Judge reaffirms: Actions cannot hinder general police operations | THE DAILY HERALD

Police officers gathered outside the Courthouse on Friday, June 25.


PHILIPSBURG–In confirming its intermediate decision of June 25, the Court of First Instance on Tuesday banned police union NAPB and civil servants’ union ABVO from organising or attending meetings, work stoppages, parades and public demonstrations, if these hamper justice operations.

  With the support of the Council of Ministers, Minister of Justice Anna Richardson filed an injunction on June 24 requesting that justice workers be instructed to discontinue their demonstrations and allow discussions about their grievances to take place around the table. She claimed that justice workers’ protest actions were in violation of the law and national security. She also feared that the police actions would damage the economy and would put “a spoke in the wheel” where homeporting was concerned.


  The unions claimed that they were within their rights to take industrial action. They denied that any justice worker was on strike and said that police officers, prison officials and officials at the Immigration and Border Protection Services (IBPS) were only on a “go-slow,” which was not to hamper any operations.

  The justice workers have a number of grievances, including their transition as civil servants of the former Netherlands Antilles and the transition of police officers to the Immigration and Border Protection Services (IBPS).

  Other complaints concern the cost-of-living adjustment (“Bovenwindentoeslag”); violation of the rules about the promotion of officers; violation of the right to collective negotiations between the unions and the government; violation of the Equal Remuneration Convention of the International Labour Organization (ILO); violation of the national ordinance by paying only three per cent vacation allowance 2019/2020; and the declaration by the Minister of Finance not to pay the six per cent vacation allowance 2020/2021, which was due in June.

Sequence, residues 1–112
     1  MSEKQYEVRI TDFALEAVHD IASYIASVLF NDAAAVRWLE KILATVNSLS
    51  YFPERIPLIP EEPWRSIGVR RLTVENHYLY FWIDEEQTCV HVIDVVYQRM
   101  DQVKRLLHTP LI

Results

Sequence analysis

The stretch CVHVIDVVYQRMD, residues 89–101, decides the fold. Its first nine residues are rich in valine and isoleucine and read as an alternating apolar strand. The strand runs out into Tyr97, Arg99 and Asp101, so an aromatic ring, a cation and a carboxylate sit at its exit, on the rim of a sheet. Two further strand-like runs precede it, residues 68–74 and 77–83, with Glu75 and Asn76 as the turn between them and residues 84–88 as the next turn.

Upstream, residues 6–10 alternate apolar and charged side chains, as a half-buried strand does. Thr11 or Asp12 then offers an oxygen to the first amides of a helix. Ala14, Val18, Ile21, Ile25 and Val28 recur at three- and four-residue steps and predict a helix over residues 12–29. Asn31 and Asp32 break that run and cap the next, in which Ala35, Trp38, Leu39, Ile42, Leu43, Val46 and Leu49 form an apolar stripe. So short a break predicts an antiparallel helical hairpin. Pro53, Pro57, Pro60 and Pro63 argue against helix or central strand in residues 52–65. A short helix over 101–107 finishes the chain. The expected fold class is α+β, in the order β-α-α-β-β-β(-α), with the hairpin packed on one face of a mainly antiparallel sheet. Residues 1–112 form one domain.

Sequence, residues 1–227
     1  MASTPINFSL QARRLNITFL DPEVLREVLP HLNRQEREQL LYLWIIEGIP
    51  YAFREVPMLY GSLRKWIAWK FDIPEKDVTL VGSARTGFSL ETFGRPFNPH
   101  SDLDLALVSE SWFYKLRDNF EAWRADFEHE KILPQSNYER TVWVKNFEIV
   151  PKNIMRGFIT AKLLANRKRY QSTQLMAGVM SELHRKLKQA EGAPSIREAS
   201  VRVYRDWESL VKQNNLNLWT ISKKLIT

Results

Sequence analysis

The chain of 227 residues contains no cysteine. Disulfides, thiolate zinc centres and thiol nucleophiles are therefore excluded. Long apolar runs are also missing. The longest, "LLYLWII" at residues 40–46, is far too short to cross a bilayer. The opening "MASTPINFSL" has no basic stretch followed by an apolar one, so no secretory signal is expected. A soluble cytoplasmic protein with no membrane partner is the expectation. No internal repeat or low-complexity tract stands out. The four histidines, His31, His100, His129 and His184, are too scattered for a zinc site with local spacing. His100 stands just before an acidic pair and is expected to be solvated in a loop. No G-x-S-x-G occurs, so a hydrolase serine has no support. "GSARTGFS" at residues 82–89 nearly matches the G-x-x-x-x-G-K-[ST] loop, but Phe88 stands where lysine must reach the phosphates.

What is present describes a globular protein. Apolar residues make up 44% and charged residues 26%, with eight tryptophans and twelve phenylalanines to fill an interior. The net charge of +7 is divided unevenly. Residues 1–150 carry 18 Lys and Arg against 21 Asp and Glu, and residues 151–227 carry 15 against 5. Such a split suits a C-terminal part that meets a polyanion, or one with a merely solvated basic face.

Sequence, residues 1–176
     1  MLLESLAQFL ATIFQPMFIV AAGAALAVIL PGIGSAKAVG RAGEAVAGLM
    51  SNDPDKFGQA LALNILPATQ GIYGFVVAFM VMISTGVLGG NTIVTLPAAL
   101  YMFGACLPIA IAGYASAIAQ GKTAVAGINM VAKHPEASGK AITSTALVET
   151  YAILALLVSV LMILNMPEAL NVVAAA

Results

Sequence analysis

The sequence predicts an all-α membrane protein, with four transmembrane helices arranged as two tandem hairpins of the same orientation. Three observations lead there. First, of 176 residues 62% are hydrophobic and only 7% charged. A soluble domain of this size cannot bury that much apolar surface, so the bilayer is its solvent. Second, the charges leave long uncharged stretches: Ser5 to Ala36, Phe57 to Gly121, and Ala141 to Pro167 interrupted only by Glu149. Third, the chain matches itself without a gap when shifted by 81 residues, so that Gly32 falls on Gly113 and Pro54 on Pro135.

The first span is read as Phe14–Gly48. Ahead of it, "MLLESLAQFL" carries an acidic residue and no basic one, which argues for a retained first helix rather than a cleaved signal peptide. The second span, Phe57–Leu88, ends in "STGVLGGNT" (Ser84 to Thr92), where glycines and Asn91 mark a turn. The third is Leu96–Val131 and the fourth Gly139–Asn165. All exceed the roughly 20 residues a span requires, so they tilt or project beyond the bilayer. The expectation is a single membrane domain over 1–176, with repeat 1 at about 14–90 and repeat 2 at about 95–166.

By letter of June 22 to Parliament, the NAPB informed that “if by the end of this month there is no agreement with the NAPB on the elimination of these violations of the … right of workers in the justice system, the NAPB union has no other recourse than to support its membership to exercise their right to organise industrial action.”

  In the injunction, the unions called on government to retract statements that the security of the police and prison was endangered. The court was also requested to oblige the government to enter into consultations with the trade unions about the existing grievances, including the function books, or face daily penalties of NAf. 100,000.

  According to government, the unions’ actions had endangered public safety and basic police work. Members of the unions and NAPB president Rogerrel Mauricia were said to have “raided” the police guard and forced the control room to only accept reports in life-threatening situations.